Before I watched this documentary, I was pretty proud of my kangaroo leather boots; I bought them on this online ethical clothing store and all. They cost quite a bit, but I thought, at least my hard-earned, ever-diminishing student income is going towards supporting local business. And at least my boots are made from an extant animal species. And surely an animal product which is sourced and processed in Australia must adhere to highly ethical codes of conduct. Right? After watching this documentary, I did not feel so proud of my boots.
Kangaroo: A Love/Hate Story—the latest documentary by Australian directors Michael McIntyre and Kate McIntyre Clere—has caused a bit of a stir to say the least. Fiona Simson, President of the National Farmers Federation, called this documentary “very damaging to Australia”, and others have called it one-sided and misleading. But on the other hand, it has been praised by Variety’s Richard Kuipers for its “eco-activist filmmaking”, and The New York Times’ Ken Jaworowski declared it hard to watch but “necessary”.
So, how could a documentary about our national icon cause so much controversy? As you can probably gather Kangaroo: A Love/Hate Story exposes a great deal about the kangaroo industry in Australia. The McIntyre’s leave no stone unturned: from the questionable methods by which the kangaroos are culled, to discrepancies about the ways they are counted, to the hygiene of the meat, to the way the overseas market is managed by our government, right down to the national attitude toward our furry friends. All is scrutinised, all is criticised.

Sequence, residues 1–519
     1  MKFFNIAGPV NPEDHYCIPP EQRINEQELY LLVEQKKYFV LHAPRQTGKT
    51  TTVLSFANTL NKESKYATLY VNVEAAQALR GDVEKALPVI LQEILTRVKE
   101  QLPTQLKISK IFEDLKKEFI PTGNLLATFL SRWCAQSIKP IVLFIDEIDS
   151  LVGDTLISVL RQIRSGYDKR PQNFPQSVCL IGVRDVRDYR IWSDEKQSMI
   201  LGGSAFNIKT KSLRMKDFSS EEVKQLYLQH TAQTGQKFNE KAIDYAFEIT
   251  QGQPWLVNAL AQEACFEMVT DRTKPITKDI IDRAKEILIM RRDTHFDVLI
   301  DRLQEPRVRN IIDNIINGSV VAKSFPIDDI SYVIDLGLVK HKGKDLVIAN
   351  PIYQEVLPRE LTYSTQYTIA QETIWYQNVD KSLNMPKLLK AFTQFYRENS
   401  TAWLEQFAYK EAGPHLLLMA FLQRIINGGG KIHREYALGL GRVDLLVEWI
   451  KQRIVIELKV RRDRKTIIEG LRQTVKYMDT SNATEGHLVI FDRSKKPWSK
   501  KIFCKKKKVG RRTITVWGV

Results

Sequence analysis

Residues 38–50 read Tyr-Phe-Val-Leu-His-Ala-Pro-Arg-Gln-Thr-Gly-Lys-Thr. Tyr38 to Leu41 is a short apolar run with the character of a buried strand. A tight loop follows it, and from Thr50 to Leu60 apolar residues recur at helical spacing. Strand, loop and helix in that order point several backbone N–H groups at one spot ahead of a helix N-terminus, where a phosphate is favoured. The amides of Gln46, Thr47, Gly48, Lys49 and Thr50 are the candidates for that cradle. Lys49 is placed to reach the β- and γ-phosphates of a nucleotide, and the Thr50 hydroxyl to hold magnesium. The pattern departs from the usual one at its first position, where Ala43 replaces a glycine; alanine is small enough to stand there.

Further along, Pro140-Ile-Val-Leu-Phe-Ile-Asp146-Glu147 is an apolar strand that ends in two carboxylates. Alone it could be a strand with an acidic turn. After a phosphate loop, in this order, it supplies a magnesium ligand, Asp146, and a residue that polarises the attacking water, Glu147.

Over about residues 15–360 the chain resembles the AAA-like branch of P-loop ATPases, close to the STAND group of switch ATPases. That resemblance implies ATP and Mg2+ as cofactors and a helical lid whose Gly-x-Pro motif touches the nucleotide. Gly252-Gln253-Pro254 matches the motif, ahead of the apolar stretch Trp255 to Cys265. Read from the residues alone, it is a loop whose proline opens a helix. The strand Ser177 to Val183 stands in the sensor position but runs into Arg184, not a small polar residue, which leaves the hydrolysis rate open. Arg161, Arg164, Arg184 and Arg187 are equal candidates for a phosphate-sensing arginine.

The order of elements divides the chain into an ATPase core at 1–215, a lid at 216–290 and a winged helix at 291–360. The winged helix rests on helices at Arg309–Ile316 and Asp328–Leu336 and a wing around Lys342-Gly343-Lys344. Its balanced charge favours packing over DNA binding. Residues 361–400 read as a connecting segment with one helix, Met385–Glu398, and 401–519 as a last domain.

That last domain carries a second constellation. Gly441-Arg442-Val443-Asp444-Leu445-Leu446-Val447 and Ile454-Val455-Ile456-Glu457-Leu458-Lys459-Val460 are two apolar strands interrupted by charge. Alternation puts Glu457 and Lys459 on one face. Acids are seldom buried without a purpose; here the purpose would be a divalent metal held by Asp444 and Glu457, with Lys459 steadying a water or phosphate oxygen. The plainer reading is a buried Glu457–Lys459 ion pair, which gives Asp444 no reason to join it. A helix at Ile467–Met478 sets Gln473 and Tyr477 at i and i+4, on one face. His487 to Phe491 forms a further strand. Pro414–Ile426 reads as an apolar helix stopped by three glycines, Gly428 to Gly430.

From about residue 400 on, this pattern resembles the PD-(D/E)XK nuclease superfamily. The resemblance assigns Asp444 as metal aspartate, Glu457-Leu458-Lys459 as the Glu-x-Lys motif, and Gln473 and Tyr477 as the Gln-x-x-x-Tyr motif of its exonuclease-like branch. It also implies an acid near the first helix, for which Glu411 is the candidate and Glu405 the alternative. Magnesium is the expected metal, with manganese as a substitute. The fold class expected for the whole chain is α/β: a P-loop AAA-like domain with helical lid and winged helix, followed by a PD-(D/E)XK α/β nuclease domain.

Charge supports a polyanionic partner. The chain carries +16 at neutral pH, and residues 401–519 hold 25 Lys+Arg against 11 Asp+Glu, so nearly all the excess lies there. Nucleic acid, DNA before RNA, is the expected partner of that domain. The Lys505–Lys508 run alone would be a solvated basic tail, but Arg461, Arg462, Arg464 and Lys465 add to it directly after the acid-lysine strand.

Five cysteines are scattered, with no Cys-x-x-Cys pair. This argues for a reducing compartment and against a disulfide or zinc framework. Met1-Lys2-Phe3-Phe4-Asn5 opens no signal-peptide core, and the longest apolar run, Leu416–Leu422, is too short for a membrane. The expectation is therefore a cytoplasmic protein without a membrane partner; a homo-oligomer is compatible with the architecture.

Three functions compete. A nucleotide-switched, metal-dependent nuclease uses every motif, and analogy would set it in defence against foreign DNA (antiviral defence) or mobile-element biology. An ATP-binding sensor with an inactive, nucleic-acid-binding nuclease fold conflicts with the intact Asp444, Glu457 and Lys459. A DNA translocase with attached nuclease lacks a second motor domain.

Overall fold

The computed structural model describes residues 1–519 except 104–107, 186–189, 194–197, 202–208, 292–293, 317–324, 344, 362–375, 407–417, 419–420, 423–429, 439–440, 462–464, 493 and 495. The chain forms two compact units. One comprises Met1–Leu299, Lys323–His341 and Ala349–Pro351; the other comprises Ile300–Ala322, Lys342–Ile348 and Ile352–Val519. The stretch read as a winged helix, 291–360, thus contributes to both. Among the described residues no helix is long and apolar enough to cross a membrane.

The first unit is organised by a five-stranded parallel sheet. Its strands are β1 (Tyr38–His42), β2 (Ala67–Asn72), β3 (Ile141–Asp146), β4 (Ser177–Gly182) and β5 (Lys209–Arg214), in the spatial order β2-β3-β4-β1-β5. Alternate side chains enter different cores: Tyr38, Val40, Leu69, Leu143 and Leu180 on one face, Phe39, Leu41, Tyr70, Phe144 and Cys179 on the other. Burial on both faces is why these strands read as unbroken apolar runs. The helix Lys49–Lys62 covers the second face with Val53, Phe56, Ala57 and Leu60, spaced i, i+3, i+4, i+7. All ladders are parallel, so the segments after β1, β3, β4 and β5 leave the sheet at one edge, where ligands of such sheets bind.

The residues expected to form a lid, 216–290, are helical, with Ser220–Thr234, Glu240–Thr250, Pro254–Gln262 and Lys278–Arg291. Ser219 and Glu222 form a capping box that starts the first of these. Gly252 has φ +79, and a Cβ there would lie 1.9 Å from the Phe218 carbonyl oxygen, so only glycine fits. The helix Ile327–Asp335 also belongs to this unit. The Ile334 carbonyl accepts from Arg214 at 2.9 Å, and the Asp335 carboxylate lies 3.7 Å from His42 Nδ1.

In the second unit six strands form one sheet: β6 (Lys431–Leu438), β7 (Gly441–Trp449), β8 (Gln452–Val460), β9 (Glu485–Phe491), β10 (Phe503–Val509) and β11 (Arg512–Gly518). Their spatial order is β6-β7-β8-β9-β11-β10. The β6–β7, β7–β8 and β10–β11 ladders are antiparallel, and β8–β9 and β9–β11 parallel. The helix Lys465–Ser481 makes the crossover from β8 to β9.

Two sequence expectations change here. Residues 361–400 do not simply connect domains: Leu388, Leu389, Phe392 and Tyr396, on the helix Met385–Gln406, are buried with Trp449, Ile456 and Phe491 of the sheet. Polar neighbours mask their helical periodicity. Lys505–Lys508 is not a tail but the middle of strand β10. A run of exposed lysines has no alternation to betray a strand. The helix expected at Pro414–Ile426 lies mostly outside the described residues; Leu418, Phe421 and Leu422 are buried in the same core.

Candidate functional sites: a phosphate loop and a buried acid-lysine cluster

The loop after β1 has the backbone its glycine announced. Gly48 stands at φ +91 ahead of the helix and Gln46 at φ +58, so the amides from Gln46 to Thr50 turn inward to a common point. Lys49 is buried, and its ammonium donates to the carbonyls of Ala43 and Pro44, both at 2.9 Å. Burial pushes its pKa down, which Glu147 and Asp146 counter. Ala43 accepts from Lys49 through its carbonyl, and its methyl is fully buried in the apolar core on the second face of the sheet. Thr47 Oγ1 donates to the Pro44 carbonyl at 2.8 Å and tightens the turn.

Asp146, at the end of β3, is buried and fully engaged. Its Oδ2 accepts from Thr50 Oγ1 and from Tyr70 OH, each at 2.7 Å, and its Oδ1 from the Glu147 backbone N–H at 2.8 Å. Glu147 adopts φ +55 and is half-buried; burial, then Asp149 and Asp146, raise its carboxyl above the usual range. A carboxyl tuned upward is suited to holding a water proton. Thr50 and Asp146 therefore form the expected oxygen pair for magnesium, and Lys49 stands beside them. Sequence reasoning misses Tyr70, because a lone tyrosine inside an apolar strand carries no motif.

There was a lot of important information in this documentary, a lot of which I was grateful to learn. Like that an independent study of three major supermarkets found that a significant proportion of their kangaroo meat contained salmonella and particularly high rates of E-coli. But, with the kangaroo meat industry allegedly bringing about $200 million into regional community’s and accounting for approximately 2000 Australian jobs, it was sometimes a bit hard to climb aboard the boycott express—a train I know that was eagerly boarded by the lady sitting behind me in the theatre who frequently cried out, “Oh, God, how could they?”.
Michael McIntyre stresses that he doesn’t have the answer to our nations kangaroo dilemma, instead through Kangaroo: A Love/Hate Story, he and co-director Kate McIntyre Clere start a conversation. And you only have to google the title of this documentary to see that the conversation has well and truly begun.